feminists) view the oppression of women as part of a larger structure and call for the destruction of the present structure; liberal feminists are trying to find solutions within the existing structure for the gradual realization of reforms, drawing attention to the many different influences that contribute to the inequality between generations. Liberal feminism, socialist feminism and Marxist feminism; we do not come up with obvious approaches like the radical and cultural feminisms. These concepts of feminism have developed theories to remove the problems in the fields such as labor, political-social equality of rights. Because the woman has a position that does not even have the right to vote yet (as Wollstonecraft says) her husband is a prostitute.…

    • 744 Words
    • 3 Pages
    Improved Essays
  • Improved Essays

    They challenge the biological determinism that said that women are biologically inferior to men and that social and cultural inferiority follow from this. They assert the value of women as women and counter the systematic devaluation of women. Feminist critics have deconstructed the representation of women. The idealized images, stereotypes and archetypes have been studied from the female point of view. It has led to the re-interpretation of literature about women, whether written by men or women.…

    • 711 Words
    • 3 Pages
    Improved Essays
  • Improved Essays

    122). As Wijitbusaba (2005) has elucidated, although gender neutrality needs to be further explored in Foucault’s work, the work of Foucault in the Discipline and Punish (1975) and The History of Sexuality (1976) has offered feminists a view of seeing the relationship between sexuality and wider social forces to the traditional functionalism, that creates a ground for a positive area of resistance for divergent groups and individuals (p. 124). Dorothy Smith, a standpoint theorist and feminist sociologist, argues that women have been ignored and objectified in sociology (Siedman, 2008, p. 204). Smith contends that women in sociology are placed in a state of contradiction, called a ‘bifurcation of consciousness’, in relation to their experiences of the world (Bowell, 2010). Smith argues that sociological discourse, has been authorised by men that are based on only men’s lived experiences, not women’s (Siedman, 2008, p. 204).…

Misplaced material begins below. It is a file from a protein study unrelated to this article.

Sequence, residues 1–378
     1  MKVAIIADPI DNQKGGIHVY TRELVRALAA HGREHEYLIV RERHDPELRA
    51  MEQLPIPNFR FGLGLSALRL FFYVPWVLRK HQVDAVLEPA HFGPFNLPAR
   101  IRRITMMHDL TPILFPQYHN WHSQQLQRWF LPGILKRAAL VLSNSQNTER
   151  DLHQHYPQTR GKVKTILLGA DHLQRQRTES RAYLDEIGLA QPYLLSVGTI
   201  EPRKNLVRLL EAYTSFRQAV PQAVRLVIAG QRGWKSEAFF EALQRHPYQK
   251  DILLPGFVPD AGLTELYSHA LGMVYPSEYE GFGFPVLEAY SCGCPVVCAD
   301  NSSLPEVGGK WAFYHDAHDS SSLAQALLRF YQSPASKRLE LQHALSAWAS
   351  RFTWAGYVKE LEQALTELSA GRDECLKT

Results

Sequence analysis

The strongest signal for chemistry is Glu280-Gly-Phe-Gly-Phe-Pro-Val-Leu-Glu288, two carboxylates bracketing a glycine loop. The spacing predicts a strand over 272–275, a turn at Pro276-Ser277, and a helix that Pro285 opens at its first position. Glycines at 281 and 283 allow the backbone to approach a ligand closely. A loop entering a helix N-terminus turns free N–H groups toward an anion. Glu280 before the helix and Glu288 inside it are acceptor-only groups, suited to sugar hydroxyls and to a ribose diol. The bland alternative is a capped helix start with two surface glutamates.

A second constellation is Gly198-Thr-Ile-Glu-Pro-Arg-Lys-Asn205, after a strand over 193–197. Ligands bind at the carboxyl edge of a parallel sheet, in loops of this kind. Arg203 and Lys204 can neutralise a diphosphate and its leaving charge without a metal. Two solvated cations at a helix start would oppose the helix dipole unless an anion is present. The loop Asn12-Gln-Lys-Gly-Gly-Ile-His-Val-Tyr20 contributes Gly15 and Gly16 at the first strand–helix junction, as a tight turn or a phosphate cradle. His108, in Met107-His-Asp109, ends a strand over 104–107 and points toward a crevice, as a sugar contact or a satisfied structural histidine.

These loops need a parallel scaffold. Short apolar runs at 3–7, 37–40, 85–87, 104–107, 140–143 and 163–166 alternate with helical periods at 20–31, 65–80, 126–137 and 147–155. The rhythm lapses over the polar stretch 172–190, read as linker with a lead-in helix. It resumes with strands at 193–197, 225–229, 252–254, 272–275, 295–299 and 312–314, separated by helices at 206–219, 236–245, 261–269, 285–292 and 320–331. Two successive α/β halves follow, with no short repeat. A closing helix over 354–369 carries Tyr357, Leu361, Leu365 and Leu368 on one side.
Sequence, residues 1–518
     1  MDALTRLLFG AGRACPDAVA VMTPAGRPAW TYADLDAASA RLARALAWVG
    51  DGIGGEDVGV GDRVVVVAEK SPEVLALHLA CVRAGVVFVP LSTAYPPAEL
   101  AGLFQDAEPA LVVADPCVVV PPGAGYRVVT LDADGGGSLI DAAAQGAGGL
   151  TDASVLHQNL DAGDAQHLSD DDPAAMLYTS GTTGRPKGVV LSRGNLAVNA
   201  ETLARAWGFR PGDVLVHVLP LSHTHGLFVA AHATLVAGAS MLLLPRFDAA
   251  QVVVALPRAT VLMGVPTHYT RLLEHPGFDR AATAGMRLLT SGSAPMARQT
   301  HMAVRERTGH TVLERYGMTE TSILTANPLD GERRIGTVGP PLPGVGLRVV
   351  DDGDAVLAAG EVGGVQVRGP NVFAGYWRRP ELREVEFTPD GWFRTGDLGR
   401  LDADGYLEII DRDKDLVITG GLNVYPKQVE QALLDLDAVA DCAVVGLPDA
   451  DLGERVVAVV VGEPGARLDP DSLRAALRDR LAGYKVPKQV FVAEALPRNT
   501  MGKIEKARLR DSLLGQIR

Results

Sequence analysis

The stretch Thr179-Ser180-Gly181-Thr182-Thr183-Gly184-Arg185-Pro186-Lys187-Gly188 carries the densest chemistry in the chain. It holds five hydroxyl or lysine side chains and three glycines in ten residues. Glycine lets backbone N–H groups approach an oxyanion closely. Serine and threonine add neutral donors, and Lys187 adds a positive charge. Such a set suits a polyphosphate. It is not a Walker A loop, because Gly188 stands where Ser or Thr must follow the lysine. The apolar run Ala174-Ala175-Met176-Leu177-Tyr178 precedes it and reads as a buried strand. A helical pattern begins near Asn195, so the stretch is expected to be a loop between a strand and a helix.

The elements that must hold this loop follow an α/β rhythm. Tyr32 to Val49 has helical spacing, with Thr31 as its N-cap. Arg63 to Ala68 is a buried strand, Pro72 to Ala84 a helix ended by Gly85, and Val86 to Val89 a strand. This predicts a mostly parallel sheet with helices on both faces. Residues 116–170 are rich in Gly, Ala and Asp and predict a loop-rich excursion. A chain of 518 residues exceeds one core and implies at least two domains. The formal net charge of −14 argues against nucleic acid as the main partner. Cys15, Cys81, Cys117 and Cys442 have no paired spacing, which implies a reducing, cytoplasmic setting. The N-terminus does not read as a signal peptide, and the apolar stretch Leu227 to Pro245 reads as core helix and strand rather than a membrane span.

• 742 Words
    • 3 Pages
    Improved Essays
  • Improved Essays

    Irigaray theorizes that the body’s symbolic meaning structures subjectivity. In Irigaray’s Corporeality, the body becomes an effect and product of symbolism which creates a specific body type only appropriate for society. Therefore, language and culture produce the body. (Notes, 10/6/15). Irigaray stated that “Women’s social inferiority is reinforced and complicated by the fact that woman does not have access to language, except through recourse to ‘masculine’ systems of representation which disappropriate her from her relation to herself and to other women.” (Irigaray, p. 85).…

    • 1456 Words
    • 6 Pages
    Improved Essays
  • Improved Essays

    She does not suppose that the concept of "woman" is a well-defined classification. Society constructs subjects and then people come to represent them. Necessities preceded identity. When it reaches to Michel Foucault theory, the "idea" of a woman may make women isolated from their own society, there could be a deeper identity that defines the classification of a "woman." As long as feminism considers…

    • 745 Words
    • 3 Pages
    Improved Essays
  • Improved Essays

    Simone De Seaviour was a French novelist, social critic and extentialist. She wrote a book called “Second Sex” which explained her reasons for her traditional view on women’s roles. In the “Second Sex” Simone dethroned the “myth of femininity”. The myth of femininity was the false and disempowering idea that women possess a unique and preordained “feminine” essence. Simone believed that condemns women to the role of social and intellectual subordinate to males.…

    • 1169 Words
    • 5 Pages
    Improved Essays
  • Improved Essays

    In Gayle Rubin’s essay, The Traffic in Women: Notes on the “Political Economy” of Sex, she introduces sex gender systems and critiques predominant theoretical models. Rubin explains through each theoretical model how this oppression of women occurs and says that women are treated like objects that can be exchanged. She further explains that men control production and woman control reproduction. Women are considered to produce bodies and are known for labour and men produce commodities. She explains that patriarchy is not something that is escapable, and as a community we need to think of it as a social construct, these are social collaborations.…

    • 1014 Words
    • 5 Pages
    Improved Essays